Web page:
present in the two Opisthoproctus species have been
isolated and cultured in the
lab. Through restriction fragment
length polymorphism
analysis, the two strains have been shown
to differ only slightly.

In all species the fins are spineless and fairly small; in
Dolichopteryx however, the pectoral fins are greatly elongated and
wing-like, extending about half the body’s length, and are
apparently used for stationkeeping in the water column. In all
species the pectoral fins are inserted low on the body, and in some
the pelvic fins are inserted
ventrolaterally rather than strictly ventrally. Several species
also possess either a ventral or dorsal adipose fin, and the caudal fin is forked to emarginate. The anal fin is either present or greatly reduced, and
may not be externally visible; it is strongly retrorse in
Opisthoproctus. There is a single dorsal fin originating slightly before or
directly over the anal fin. There is a perceptible hump in the
back, beginning just behind the head. The gas bladder is absent in most species, and the
lateral line is uninterrupted. The
branchiostegal rays number 2–4.
The javelin spookfish
(Bathylychnops exilis) is by far the largest species at 50
centimetres standard length (SL; a measurement excluding the caudal
fin); most other species are under 20 centimetres SL.

Life history

Barreleyes inhabit moderate depths, from the mesopelagic to bathypelagic zone, ca. 400–2,500
meters down. They are presumably solitary and do not undergo
diel vertical migrations;
instead, barreleyes remain just below the limit of light
penetration and use their sensitive, upward-pointing tubular
eyes—adapted for enhanced binocular
at the expense of lateral vision—to survey the waters
above. The high number of rods in their eyes’ retinae allow
barreleyes to resolve the silhouettes of objects overhead in the
faintest of ambient light (and to accurately distinguish
bioluminescent light from ambient light), and their binocular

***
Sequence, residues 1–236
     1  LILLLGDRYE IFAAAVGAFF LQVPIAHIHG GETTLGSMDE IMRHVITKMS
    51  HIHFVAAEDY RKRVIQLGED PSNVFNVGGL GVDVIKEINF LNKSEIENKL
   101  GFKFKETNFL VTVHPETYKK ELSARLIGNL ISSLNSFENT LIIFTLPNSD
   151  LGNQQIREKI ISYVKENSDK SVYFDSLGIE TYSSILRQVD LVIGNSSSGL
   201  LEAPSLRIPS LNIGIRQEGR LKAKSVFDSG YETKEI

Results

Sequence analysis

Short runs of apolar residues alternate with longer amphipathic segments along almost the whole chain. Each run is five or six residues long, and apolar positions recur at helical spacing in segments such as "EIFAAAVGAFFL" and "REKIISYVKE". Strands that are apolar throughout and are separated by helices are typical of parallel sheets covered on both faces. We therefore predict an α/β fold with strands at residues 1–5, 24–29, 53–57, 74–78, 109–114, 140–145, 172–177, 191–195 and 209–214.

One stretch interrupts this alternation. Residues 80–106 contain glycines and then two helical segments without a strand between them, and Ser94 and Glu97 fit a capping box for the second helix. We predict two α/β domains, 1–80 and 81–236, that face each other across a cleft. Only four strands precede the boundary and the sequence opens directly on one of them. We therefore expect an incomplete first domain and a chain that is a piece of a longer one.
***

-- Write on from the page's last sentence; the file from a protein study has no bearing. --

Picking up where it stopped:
vision allows the fish to accurately track and home in on small
zooplankton such as hydroids, copepods, and other
pelagic crustaceans. The distribution of
some species coincides with the isohaline
and isotherm layers of the ocean; for
example, in Opisthoproctus soleatus upper distribution
limits coincide with the 400 metre isotherm for 8°C.

What little is known of barreleye reproduction indicates they are pelagic
spawner; that is, eggs and sperm are released
en masse directly into the water. The fertilized eggs are buoyant
and planktonic; the larvae and juveniles drift with the currents—likely at
much shallower depths than the adults—and upon metamorphosis into adult form they
descend to deeper waters. Dolichopteryx species are noted
for their paedomorphic features, the
result of neoteny (the retention of larval

The bioluminescent organs of Dolichopteryx and
Opisthoproctus, together with the reflective soles of the
latter, may serve as camouflage in the
form of counterillumination. This predator avoidance strategy involves the
use of ventral light to break up the fishes’ silhouettes, so that
(when viewed from below) they blend in with the ambient light from
above. Counterillumination is also seen in several other unrelated
deep-sea families, which include the marine hatchetfish (Sternoptychidae).
Also found in marine hatchetfish and other unrelated families are
tubular eyes; cf. telescopefish,

There are fourteen species in six genera: